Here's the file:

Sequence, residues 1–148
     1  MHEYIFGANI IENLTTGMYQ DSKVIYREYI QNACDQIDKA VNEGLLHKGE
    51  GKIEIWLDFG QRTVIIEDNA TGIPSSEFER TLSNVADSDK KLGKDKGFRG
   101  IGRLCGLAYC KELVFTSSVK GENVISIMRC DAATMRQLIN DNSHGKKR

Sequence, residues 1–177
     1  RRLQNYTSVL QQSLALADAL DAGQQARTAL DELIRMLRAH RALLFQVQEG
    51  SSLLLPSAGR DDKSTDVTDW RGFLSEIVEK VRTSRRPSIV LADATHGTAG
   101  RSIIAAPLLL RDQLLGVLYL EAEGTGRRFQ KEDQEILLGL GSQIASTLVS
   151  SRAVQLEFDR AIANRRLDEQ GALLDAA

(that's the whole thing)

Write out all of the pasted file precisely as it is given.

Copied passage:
Sequence, residues 1–148
     1  MHEYIFGANI IENLTTGMYQ DSKVIYREYI QNACDQIDKA VNEGLLHKGE
    51  GKIEIWLDFG QRTVIIEDNA TGIPSSEFER TLSNVADSDK KLGKDKGFRG
   101  IGRLCGLAYC KELVFTSSVK GENVISIMRC DAATMRQLIN DNSHGKKR

Sequence, residues 1–177
     1  RRLQNYTSVL QQSLALADAL DAGQQARTAL DELIRMLRAH RALLFQVQEG
    51  SSLLLPSAGR DDKSTDVTDW RGFLSEIVEK VRTSRRPSIV LADATHGTAG
   101  RSIIAAPLLL RDQLLGVLYL EAEGTGRRFQ KEDQEILLGL GSQIASTLVS
   151  SRAVQLEFDR AIANRRLDEQ GALLDAA